Mercedes to make compact EV in France
Daimler will invest 500 million Euro ($589 million) into its plant in Hambach, France, to start producing a compact electric car for Mercedes-Benz.
The new car, which will be part of Mercedes’ new EQ electric subbrand, will be built alongside battery-powered version of the Smart ForTwo.
The company declined to say when it plans to start producing the model, which will be the first Mercedes vehicle built in France when output begins.
Last September, Mercedes presented the Concept EQA, a compact-sized electric car with a range of about 400 km and the ability to be recharged without having to be plugged in.
Daimler plans to launch more than 10 electric vehicles from its Mercedes and Smart brands by 2022. The automaker expects electric models to account for 15 percent to 25 percent of Mercedes’ global sales by 2025. Starting in 2020, Smart will only offer electric vehicles.
“The Smart plant in Hambach will become a part of our global compact car production network with the lead plant in Rastatt, Germany,” Mercedes production chief Markus Schaefer said in a statement on Friday.
Mercedes also plans to make EQ compacts in Rastatt, where is currently produces the compact A class and GLA models.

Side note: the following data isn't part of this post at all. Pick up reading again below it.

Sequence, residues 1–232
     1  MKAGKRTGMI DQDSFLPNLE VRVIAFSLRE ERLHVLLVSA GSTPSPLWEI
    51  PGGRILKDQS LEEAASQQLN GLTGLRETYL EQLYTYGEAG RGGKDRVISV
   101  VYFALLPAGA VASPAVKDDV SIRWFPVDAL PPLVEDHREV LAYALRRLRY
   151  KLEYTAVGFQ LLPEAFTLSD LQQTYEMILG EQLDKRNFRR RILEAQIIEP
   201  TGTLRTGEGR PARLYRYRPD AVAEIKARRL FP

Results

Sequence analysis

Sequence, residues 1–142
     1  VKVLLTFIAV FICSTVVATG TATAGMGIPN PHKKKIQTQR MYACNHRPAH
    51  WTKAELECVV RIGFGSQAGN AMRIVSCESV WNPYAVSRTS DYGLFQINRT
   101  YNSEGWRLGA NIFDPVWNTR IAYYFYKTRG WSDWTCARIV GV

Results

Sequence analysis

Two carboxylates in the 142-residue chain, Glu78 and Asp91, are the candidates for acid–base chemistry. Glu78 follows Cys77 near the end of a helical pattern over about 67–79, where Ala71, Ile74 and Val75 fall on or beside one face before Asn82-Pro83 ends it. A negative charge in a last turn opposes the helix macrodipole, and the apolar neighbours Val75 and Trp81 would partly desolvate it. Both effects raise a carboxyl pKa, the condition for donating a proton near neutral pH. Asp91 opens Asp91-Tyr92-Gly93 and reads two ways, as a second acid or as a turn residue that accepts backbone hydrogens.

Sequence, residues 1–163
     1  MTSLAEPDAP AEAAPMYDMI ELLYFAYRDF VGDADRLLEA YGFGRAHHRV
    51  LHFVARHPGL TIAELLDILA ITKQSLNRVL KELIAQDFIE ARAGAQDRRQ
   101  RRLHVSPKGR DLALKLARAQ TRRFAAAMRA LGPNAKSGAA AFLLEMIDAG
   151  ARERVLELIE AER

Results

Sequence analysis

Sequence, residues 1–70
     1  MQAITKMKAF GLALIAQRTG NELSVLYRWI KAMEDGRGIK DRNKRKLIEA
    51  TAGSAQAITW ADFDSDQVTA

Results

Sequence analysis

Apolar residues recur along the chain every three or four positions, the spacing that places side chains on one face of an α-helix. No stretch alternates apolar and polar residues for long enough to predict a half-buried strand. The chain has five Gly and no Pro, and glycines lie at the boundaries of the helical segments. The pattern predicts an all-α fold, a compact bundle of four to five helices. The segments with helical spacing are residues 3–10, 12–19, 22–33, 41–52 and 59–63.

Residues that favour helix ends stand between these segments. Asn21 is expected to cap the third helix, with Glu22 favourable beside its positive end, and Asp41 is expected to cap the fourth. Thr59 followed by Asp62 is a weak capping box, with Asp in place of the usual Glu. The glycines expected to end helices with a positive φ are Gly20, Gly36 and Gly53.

Mercedes is adapting its vehicle underpinnings so that it can mass produce electric variants on the same production line as equivalent volume models with gasoline, hybrid or diesel engines, allowing the German carmaker to scale up production quickly if demand spikes, a company spokesman said.
The first product from the subbrand will be the EQC, a midsize SUV model that is scheduled to go into production at Daimler’s factory in Bremen, Germany next year. The plant currently makes the C-class midsize family, the E-class large-car range and the GLC crossover.
Daimler has also announced plans to make luxury models from EQ subbrand at its factory in Sindelfingen, Germany, where it makes the S class upper-premium sedan.
The investment in France will expand assembly facilities and reshape the site’s infrastructure, Daimler said.
Source: Automotive News